For those that remember that remarkable little scanner/computer/recorder/analyzer from the Star Trek television series, it seemed that there was nothing you could point it at and not get an instant readout of anything and everything about the object in question -- including what was inside. While the tricorder's operation is clouded in TV effects gimmickry, it was obvious that its sensors spanned just about any and every electromagnetic frequency known to man in the 20th century, and a few new ones known to the 23rd.
In true-life-imitates-art style, researchers at the University of Texas at Dallas (UT Dallas) have designed an imager chip that could turn cameras and mobile phones into devices that can see through walls, wood, plastics, paper, and other objects. What makes this possible is the frequency of electromagnetic waves to which the imager is sensitive.
Dr. Kenneth O, professor of electrical engineering at UT Dallas and director of the Texas Analog Center of Excellence(TxACE), and his team created a new complimentary metallic-oxide semiconductor (CMOS) sensor similar to the type used in cameras and cellular phones, except this sensor works in the terahertz (THz) region of the electromagnetic spectrum. The terahertz frequencies, or T-waves as they're called, fall between the microwave frequencies and the infrared light spectrum. They exhibit characteristics similar to both radio and light waves, which makes developing an imaging sensor for those frequencies difficult. Like radio waves, T-waves can penetrate objects. The degree of penetration depends upon the material from which the object is made and the frequency of the terahertz light source. This lets the researchers use the safe, non-ionizing radiation of the terahertz wavelengths as a form of x-ray to see into and through objects.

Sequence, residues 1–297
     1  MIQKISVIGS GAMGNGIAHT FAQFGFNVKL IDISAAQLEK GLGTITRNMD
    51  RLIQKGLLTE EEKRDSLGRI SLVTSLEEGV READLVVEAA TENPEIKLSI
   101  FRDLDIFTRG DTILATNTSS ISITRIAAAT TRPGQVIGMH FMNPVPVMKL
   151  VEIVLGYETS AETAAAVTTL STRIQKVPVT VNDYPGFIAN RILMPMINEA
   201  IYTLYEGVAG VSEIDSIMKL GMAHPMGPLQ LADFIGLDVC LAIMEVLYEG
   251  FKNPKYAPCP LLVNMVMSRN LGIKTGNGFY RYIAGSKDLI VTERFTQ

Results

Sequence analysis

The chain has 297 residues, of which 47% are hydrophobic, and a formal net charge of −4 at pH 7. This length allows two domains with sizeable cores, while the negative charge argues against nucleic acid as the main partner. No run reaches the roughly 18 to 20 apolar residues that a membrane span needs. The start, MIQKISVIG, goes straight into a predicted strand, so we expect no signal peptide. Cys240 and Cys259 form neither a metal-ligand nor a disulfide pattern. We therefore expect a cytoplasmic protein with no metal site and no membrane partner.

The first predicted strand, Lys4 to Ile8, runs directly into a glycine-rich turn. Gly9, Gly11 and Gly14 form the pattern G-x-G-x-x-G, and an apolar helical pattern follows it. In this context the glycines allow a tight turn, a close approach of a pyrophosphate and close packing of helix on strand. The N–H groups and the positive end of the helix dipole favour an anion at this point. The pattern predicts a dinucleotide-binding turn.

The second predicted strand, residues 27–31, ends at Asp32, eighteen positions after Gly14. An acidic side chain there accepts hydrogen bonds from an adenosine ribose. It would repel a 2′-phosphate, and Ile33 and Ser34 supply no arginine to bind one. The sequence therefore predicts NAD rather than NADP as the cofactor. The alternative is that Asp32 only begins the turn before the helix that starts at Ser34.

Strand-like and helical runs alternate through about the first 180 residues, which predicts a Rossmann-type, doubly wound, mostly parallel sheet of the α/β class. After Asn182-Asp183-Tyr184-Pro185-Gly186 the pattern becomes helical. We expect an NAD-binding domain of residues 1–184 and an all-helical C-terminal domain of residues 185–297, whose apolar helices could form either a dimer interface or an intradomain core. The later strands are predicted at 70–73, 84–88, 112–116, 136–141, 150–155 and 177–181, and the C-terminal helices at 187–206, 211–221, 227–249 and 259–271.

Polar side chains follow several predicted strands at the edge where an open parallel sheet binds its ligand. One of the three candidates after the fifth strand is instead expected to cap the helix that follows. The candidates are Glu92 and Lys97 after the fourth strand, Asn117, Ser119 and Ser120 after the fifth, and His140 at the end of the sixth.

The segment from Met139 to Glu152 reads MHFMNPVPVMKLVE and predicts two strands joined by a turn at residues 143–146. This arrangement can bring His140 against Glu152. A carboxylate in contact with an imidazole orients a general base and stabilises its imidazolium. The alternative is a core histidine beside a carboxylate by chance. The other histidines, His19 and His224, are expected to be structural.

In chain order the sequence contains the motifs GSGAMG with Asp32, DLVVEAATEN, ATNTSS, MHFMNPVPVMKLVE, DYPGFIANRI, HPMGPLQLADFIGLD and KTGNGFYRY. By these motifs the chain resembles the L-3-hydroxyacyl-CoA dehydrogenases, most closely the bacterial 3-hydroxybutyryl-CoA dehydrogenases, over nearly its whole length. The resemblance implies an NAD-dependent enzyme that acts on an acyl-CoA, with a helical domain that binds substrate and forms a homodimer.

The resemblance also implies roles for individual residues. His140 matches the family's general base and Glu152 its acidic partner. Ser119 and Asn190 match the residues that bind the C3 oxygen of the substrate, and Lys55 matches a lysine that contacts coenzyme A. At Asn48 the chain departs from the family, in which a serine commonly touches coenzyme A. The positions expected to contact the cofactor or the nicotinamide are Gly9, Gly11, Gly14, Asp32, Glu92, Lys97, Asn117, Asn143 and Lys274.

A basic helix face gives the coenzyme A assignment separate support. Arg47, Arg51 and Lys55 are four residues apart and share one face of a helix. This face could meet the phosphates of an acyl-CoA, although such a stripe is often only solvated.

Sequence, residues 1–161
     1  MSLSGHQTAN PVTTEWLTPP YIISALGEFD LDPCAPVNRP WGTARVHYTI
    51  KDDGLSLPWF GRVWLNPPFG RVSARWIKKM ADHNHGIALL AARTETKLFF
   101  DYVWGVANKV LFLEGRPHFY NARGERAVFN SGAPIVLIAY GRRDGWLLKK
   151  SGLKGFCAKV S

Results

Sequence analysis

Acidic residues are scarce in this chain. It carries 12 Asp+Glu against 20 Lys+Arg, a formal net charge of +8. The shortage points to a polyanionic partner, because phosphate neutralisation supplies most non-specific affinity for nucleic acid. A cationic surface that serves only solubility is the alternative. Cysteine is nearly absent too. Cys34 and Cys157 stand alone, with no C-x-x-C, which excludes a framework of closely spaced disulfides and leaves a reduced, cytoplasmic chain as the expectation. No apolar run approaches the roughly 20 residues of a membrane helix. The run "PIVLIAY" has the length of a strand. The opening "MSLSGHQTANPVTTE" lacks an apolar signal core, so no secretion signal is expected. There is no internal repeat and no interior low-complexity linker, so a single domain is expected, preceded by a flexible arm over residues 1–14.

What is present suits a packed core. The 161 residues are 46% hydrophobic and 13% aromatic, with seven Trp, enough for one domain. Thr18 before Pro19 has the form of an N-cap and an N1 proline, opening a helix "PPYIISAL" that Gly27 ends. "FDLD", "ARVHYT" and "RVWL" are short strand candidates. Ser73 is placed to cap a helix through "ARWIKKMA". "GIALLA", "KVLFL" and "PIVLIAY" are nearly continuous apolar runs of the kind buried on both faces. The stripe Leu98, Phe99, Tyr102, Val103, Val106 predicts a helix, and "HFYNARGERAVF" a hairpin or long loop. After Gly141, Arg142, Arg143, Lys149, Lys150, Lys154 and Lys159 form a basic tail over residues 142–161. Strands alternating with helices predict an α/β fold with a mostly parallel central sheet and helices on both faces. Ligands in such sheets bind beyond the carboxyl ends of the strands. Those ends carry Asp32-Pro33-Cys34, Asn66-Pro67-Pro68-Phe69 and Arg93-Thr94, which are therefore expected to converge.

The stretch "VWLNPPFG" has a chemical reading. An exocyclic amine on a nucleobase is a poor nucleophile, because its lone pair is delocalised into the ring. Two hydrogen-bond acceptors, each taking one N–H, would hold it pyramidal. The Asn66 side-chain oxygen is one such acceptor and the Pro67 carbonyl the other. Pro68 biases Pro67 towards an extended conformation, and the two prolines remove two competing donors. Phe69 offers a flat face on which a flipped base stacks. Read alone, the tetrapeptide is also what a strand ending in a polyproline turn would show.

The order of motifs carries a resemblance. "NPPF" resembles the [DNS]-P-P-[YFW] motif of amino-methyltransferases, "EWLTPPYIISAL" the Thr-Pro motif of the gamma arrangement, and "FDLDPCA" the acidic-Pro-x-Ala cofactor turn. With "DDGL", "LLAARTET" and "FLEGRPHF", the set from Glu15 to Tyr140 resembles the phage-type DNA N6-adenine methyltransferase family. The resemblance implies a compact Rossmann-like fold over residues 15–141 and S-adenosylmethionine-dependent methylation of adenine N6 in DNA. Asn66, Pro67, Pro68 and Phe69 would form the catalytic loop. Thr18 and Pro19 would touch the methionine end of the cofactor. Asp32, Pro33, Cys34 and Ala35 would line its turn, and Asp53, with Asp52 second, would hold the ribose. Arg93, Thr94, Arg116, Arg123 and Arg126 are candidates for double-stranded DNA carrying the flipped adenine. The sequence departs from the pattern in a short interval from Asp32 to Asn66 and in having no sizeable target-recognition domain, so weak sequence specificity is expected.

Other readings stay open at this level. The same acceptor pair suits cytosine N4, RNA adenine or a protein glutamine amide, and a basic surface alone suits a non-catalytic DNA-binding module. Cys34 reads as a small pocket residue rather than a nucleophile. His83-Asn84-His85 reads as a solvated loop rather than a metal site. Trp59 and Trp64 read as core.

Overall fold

Dr. O states, “We've created approaches that open a previously untapped portion of the electromagnetic spectrum for consumer use and life-saving medical applications. The terahertz range is full of unlimited potential that could benefit us all.”
The biggest problem plaguing THz use has been the development of an imaging sensor that didn't need a laboratory full of equipment to work. Current CMOS imagers are sensitive to visible light, and are used as the "camera" element in many consumer devices including computers, smartphones, and game consoles. By using a new CMOS manufacturing technique, the UT group was able to create a CMOS imager sensitive to THz frequencies.
“CMOS is affordable and can be used to make lots of chips,” Dr. O said. “The combination of CMOS and terahertz means you could put this chip and receiver on the back of a cellphone, turning it into a device carried in your pocket that can see through objects.” Right now the focus is on distance ranges of four inches or less due to privacy concerns. But even that limited distance opens new doors for medical and health applications, industrial quality control, environmental monitoring, and high-speed communications.
“There are all kinds of things you could be able to do that we just haven't yet thought about,” said Dr. O.
The article "Shine the Light Fantastic" in the March 18, 2010 edition of MACHINE DESIGN offers additional information on terahertz imaging technology.